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1 - INTRODUCTION: Terms of Art as a Focus in the History of Rhetorical Theory

Published online by Cambridge University Press:  06 July 2010

David M. Timmerman
Affiliation:
Wabash College, Indiana
Edward Schiappa
Affiliation:
University of Minnesota
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Summary

We contend that the history of Greek rhetorical theory can be enhanced by paying attention to the emergence of terms of art in texts about persuasive speaking and argument. In this introduction, we describe what we mean by “terms of art” and provide a theoretical and historical rationale for our project. We conclude the chapter by explaining the way the subsequent chapters develop this rationale through the examination of specific terms of art.

By “terms of art,” we mean simply any words or phrases that take on reasonably specialized denotative functions within a particular language community. Such terms are typically known in linguistics and philosophy as “kind terms”; not “natural” kind terms denoting physical, chemical, or biological objects, but what Nelson Goodman (1978) calls “relevant” kinds that sort the things of our world into categories in order to meet particular needs and interests. Terms of art can categorize at various levels of scope. They may be as broad as Aristotle's notion of style or expression (lexis), subsets of composition style such as lexis eiromenē and lexis katestrammenē, or terms that describe specific stylistic qualities such as akribeia or precision (O'Sullivan 1992; Halliwell 1993).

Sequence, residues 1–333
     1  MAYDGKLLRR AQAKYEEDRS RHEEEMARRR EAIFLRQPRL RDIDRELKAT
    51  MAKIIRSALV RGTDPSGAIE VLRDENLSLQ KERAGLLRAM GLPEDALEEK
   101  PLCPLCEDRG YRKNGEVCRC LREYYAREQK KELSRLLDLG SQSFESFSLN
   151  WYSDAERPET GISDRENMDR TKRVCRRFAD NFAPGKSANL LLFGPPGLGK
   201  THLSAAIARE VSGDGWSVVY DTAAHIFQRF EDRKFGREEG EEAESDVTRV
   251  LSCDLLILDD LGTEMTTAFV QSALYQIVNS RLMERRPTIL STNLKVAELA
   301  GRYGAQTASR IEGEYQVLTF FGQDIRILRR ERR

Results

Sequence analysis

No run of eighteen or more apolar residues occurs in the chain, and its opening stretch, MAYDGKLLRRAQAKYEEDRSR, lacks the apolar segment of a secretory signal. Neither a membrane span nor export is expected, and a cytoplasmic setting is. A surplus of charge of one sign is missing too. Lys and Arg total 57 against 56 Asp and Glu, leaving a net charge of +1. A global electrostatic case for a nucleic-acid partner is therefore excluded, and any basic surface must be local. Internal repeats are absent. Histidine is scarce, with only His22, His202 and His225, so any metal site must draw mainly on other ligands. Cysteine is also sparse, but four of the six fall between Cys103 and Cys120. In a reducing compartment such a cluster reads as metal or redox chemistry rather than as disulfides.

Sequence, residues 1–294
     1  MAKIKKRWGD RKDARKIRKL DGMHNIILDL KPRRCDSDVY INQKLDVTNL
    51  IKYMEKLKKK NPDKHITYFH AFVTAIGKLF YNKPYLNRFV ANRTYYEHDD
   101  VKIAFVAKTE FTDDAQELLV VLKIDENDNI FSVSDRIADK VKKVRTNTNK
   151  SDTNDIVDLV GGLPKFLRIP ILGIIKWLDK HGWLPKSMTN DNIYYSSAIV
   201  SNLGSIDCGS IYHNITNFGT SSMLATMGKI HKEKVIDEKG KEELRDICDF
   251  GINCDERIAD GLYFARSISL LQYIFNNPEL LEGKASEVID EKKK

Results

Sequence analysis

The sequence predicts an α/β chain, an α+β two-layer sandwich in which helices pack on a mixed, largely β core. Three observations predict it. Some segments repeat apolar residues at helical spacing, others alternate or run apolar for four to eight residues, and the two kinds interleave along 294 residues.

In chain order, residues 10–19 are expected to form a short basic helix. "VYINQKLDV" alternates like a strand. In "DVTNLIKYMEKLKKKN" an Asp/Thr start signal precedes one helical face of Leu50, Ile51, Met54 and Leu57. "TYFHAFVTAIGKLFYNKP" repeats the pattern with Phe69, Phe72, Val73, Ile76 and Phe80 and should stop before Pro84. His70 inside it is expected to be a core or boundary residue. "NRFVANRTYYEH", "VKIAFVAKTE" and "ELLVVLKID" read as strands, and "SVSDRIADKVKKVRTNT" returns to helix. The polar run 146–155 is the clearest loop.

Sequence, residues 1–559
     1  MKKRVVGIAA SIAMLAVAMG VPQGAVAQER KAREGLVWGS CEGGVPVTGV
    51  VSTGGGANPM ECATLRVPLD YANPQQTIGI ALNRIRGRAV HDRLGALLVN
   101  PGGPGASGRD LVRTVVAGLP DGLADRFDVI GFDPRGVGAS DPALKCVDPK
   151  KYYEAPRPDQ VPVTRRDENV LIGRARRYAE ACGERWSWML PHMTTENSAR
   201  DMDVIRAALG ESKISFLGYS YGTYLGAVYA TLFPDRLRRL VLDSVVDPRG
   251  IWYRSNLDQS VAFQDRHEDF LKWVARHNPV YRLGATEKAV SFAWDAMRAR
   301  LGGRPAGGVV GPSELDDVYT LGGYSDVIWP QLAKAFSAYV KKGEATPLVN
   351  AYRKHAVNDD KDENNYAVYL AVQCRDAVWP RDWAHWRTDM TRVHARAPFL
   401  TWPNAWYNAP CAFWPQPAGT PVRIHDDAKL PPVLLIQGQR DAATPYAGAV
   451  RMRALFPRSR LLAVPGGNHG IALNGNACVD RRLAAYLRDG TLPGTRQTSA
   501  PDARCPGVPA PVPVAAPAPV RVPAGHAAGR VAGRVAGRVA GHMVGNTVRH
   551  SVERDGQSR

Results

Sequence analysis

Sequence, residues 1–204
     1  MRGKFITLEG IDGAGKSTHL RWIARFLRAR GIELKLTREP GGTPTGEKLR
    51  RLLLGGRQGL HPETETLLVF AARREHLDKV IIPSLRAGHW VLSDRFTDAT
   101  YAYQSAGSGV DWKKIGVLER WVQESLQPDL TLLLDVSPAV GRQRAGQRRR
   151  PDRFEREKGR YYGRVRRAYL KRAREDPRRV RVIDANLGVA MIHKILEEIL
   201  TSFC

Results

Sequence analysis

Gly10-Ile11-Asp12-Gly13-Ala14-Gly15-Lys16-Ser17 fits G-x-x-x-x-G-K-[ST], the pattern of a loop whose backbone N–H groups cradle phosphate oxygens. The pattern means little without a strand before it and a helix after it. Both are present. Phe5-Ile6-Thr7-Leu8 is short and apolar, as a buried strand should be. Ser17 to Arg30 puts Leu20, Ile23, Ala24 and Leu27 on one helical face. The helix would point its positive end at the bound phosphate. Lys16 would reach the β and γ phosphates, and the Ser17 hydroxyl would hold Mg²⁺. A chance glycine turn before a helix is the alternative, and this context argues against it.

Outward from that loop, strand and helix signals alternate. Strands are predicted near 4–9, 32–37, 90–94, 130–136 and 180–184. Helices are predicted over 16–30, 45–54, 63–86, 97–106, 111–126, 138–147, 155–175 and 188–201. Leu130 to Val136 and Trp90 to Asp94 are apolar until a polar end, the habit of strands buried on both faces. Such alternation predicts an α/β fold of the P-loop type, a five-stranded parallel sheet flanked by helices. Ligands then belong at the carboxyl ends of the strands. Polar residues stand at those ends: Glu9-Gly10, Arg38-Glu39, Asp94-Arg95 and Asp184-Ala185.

As domains of human activity evolve and grow more sophisticated, the vocabulary used by practitioners of these domains becomes more specialized and technical. Regardless of whether explicitly defined by members of a language community, terms of art can be understood as performing a constitutive role within that community that can be formulated as a shared rule: X counts as Y in context C (Schiappa 2003a).

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Publisher: Cambridge University Press
Print publication year: 2010

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